There can be little doubt in general that institutional priorities, policies and practices can and do shape the environment within which students learn if only because Departments and individual academics operate within an institutional framework. Such frameworks may be light or heavy, depending on a number of variables such as the institutional culture and the level of governmental pressure. There are a number of broad indicators of institutional attitudes to teaching.
Thus, for example, statements about teaching in institutional strategic plans, newsletters, press releases and submissions to government all indicate the level of support institutions give to teaching and learning. The quality of teaching spaces and support services as well as policies and practices relating to appointment and promotion of academic staff send clear messages to staff and students about the value placed on education in practice.
Given that few members of the academic staff have undertaken training for their increasingly complex roles as teachers, the existence or otherwise of comprehensive professional development programmes and of regular feedback from peers and students about performance are also strong indicators of the institutional value ascribed to teaching and learning.
To date, in comparison with their British and Australian counterparts, successive Irish governments have adopted a relatively benign approach to the evaluation of teaching quality at third level. Nevertheless, it does not follow that institutions should neglect systematic and regular formative evaluation of their teaching and learning policies, practices, support services and built environment in order to improve learning outcomes and to demonstrate accountability. Already, one newspaper has produced a league table of Irish universities based on very limited data. Unless universities can provide more comprehensive and valid evidence for such comparisons then much of the excellent work produced across the sector may be misinterpreted or remain largely unknown.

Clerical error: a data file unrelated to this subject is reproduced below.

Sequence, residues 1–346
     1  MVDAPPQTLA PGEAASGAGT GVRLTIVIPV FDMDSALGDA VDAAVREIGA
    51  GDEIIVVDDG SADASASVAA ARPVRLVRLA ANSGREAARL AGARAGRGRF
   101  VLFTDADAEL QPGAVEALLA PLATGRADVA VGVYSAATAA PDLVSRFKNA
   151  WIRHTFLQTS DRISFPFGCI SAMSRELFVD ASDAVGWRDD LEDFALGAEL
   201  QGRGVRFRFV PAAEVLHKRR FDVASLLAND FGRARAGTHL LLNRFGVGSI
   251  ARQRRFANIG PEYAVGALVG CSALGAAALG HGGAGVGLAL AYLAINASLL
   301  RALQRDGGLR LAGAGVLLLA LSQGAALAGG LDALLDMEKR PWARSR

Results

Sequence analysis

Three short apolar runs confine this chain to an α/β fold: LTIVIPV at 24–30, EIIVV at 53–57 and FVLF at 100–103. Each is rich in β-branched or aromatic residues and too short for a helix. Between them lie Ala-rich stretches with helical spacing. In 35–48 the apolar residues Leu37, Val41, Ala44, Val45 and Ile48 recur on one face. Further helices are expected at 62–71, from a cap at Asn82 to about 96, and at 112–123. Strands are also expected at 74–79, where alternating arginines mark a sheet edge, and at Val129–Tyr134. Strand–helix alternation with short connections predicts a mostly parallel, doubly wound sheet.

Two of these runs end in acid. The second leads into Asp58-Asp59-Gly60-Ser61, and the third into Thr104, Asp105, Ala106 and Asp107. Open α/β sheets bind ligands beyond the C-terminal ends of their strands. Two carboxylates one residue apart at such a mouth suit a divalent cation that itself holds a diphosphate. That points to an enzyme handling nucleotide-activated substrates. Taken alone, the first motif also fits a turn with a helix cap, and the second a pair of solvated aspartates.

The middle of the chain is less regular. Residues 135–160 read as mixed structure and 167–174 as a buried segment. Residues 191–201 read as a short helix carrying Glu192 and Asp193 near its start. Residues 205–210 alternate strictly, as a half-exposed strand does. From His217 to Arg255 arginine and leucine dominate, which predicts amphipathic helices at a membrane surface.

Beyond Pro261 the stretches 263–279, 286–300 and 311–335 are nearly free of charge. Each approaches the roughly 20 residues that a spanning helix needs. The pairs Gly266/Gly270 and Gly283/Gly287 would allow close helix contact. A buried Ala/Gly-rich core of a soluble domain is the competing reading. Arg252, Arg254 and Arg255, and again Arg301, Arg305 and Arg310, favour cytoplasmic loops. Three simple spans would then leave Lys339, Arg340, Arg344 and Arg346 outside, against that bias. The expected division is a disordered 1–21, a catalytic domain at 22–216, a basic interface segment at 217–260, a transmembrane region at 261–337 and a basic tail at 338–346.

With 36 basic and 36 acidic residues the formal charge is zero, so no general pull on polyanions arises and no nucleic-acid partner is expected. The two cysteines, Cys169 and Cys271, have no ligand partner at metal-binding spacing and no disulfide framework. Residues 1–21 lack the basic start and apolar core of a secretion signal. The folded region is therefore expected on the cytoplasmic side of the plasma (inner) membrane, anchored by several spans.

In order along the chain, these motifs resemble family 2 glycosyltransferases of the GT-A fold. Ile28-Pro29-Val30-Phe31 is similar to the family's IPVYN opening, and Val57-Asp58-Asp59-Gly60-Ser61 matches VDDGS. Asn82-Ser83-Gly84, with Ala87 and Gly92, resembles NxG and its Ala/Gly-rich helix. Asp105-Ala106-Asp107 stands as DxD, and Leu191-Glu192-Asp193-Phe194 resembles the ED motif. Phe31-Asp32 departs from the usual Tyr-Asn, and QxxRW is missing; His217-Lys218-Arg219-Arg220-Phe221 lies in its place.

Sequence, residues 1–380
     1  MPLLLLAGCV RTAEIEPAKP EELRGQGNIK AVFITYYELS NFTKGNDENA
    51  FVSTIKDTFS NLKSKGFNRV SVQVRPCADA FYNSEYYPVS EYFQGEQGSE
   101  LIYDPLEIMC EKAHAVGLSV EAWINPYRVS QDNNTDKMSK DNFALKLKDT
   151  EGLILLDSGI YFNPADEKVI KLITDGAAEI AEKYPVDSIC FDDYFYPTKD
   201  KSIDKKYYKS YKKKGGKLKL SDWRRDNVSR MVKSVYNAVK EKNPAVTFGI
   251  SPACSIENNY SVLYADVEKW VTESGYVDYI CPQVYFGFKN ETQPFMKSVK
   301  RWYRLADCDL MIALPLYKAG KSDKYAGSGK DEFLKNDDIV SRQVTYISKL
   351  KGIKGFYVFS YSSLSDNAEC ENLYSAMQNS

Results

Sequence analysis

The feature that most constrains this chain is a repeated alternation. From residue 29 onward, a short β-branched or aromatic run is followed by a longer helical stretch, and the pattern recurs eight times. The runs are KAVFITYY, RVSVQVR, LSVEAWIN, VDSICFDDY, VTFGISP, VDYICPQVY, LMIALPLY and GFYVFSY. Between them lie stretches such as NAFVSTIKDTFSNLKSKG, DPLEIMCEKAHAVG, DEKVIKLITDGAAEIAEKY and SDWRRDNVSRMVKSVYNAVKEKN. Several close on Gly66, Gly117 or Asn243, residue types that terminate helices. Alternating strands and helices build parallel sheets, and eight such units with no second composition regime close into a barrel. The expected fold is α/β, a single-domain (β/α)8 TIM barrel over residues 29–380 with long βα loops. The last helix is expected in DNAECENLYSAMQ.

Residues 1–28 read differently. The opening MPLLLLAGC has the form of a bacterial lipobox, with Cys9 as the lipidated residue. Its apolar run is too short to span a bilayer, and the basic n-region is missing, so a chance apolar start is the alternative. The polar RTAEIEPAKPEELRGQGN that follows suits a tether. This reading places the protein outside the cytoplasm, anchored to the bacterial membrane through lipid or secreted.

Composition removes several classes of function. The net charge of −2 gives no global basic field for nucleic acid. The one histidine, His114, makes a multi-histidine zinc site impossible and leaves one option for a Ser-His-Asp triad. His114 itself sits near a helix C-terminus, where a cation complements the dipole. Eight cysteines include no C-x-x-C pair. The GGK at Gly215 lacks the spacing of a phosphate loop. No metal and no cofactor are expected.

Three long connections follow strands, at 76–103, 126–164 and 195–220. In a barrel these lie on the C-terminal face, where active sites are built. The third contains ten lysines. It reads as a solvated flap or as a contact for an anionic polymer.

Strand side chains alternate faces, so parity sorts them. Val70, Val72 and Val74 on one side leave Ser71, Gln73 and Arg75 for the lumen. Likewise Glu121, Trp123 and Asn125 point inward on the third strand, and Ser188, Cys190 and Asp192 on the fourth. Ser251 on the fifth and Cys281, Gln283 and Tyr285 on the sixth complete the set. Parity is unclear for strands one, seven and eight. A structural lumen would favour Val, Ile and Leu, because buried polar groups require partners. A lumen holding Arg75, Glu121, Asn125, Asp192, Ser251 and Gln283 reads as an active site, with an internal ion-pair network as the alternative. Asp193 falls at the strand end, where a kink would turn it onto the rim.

Systematic formative evaluation at the institutional level can be implemented in a number of ways all of which should be embedded in institutional strategic planning. The temptation to draw models from commerce and industry should, however, be resisted. Fundamentally, universities do not exist to create profits or maximise return on assets (Birnbaum, 2000). One approach worth considering is benchmarking. An Australian project involving the participation of 33 of the 36 publicly funded universities in that country, produced a benchmarking manual which (with some adaptation) could be used in this country (McKinnon et al., 2000).
Basically, benchmarking can provide universities with ‘reference points for good practice and for ways of improving their functioning’ (McKinnon et al., 2000, p. 2). The manual does not use the term ‘best practice’ on the pragmatic grounds that there will always be problems identifying such practice, and that all practices can be improved over time. The benchmarks used, therefore, are based on a broad consensus among Australian universities of what current good practices actually are.
There is a heavy emphasis on outcomes but due weight is also given to indicators which measure the drivers of future performance and to those which measure the rate of change of performance. Further, the manual recognises that that which is most important or valuable cannot always be measured quantitatively.
The manual lists benchmarks for all the major aspects of a university’s operations with an entire set being devoted to teaching and learning.
The HERDSA Checklist on Valuing Teaching (reproduced in Appendix C ) adopts a similar approach but is rather less comprehensive. We recommend the list as a good way of engaging staff in the process of reflection on institutional supports for teaching and learning.